THE HOLLYWOOD DODO
Serpent’s Tail, 11
The sublimely good Geoff Nicholson’s new novel is an absolute treat. A mild-mannered English doctor accompanies his daughter to LA and becomes involved in murder, pornography, real-estate and a film about the last surviving dodo. The disparate elements of three plots are knotted and woven with consummate skill, and the prose is as laugh-out-loud funny as ever. "I suppose you’d have had to call the style mock Tudor, but the mockery had reached a level of hysterical taunting," is just one of the gems in this elegant, exceptional novel.
Also try: Jonathan Coe, The House of Sleep
Having tremendously admired Baricco’s Lands of Glass (certainly as much as his bestselling Silk), I was looking forward to this novella. Unfortunately, it is slight in substance as well as length. It opens with a young girl being spared by one of her father’s murderers, and picks up again much later when she has tracked him down. Although it raises spectres of Puig’s Kiss of the Spider Woman or The Night Watchman, it lacks their sense of tortured, complicit ambiguity. Its minimalist style seems at odds with the explicit ‘telling’ of psychological states.
Also try: Kerri Sakamoto, The Electrical Field
Sir Walter Scott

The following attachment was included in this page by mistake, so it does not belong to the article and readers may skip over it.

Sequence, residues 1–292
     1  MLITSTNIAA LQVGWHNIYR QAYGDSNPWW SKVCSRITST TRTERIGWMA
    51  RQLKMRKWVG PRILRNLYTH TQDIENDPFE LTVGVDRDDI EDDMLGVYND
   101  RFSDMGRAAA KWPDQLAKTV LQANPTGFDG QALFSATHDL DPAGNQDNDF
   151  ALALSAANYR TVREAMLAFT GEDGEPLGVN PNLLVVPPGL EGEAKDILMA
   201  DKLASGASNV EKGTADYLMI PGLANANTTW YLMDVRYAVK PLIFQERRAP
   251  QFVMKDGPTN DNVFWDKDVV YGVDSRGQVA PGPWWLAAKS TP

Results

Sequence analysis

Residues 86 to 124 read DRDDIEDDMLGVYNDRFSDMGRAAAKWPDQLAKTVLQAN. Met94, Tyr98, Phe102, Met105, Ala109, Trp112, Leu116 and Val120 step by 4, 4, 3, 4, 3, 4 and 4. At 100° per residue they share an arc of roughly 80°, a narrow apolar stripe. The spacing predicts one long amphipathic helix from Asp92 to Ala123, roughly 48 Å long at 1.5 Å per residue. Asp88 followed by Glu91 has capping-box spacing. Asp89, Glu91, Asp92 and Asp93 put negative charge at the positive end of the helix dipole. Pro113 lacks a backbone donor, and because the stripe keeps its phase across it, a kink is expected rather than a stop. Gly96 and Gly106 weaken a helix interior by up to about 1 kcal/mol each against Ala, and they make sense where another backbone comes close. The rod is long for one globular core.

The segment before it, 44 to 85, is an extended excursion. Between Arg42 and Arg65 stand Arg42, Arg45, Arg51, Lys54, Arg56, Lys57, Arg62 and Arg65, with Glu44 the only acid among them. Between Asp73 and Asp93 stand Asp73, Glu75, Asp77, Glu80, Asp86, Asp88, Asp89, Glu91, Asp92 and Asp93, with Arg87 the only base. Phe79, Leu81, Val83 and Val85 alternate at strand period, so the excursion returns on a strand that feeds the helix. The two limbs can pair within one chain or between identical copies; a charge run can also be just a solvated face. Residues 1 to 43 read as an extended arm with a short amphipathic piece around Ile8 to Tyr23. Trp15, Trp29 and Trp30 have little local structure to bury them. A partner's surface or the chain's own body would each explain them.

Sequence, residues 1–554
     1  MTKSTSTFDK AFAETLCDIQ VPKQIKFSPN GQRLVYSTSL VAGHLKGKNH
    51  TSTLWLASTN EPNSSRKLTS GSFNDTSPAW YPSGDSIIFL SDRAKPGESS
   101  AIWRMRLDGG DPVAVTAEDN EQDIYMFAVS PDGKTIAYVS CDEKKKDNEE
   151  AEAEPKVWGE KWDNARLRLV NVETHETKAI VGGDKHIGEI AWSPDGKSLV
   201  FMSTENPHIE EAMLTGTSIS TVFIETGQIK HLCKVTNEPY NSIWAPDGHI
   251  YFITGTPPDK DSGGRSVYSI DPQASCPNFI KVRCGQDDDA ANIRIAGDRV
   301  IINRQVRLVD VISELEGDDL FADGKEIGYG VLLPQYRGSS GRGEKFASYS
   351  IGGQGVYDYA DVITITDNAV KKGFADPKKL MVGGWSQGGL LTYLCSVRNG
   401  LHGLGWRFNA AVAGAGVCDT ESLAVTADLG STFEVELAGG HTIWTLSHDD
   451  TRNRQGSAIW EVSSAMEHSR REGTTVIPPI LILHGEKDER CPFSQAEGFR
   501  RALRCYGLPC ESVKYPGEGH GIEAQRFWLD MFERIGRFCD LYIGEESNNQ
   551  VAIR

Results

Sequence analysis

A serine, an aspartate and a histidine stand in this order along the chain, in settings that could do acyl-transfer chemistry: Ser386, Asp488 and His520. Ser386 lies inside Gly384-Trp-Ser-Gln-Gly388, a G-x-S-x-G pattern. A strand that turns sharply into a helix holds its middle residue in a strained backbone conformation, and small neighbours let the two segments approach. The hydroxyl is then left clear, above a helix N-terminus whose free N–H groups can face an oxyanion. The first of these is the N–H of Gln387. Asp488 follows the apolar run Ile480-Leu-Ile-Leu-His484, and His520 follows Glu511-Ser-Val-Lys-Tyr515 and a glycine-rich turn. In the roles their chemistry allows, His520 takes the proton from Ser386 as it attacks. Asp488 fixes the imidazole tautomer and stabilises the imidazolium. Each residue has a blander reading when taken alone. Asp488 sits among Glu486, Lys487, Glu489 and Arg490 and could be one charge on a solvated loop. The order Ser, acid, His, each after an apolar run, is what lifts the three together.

Edinburgh University Press, 30
This ‘lost’ book by Scott comes much trumpeted. It was ‘suppressed’ by his publisher, though ‘rejected’ might be more factual. Under a fictional guise, we have half of a guide book to Abbotsford (the chapters on the grounds and curios being unwritten). There is some charm, but more evidence of Scott’s failing powers, and the editors choose not to situate the work in the context of Scott’s penchant for self-parody (no mention, for example, of his own severe review of one of his novels). Nobody will realise the genius of Scott through reading this sad bagatelle.
Also try: Alexander Pope, The Memoirs of Martinus Scriblerus
THE INVENTION OF MOREL
Adolfo Bioy Casares
NYRB Classics, 7.99
First published in 1940, this wonderful novella begins with a political refugee stranded on a mysterious island where groups of people in old-fashioned clothes appear and disappear, dancing obliviously in a raging storm and complaining about the cold when it’s swelteringly hot. Gradually, a gothic fable about illusions, reduplications and virtual existences plays out, with an ending of unforgettable poignancy. The images are as strange and disconcerting as a Magritte painting. This masterpiece has not dated in the slightest.
Also try: Nigel Dennis, Cards of Identity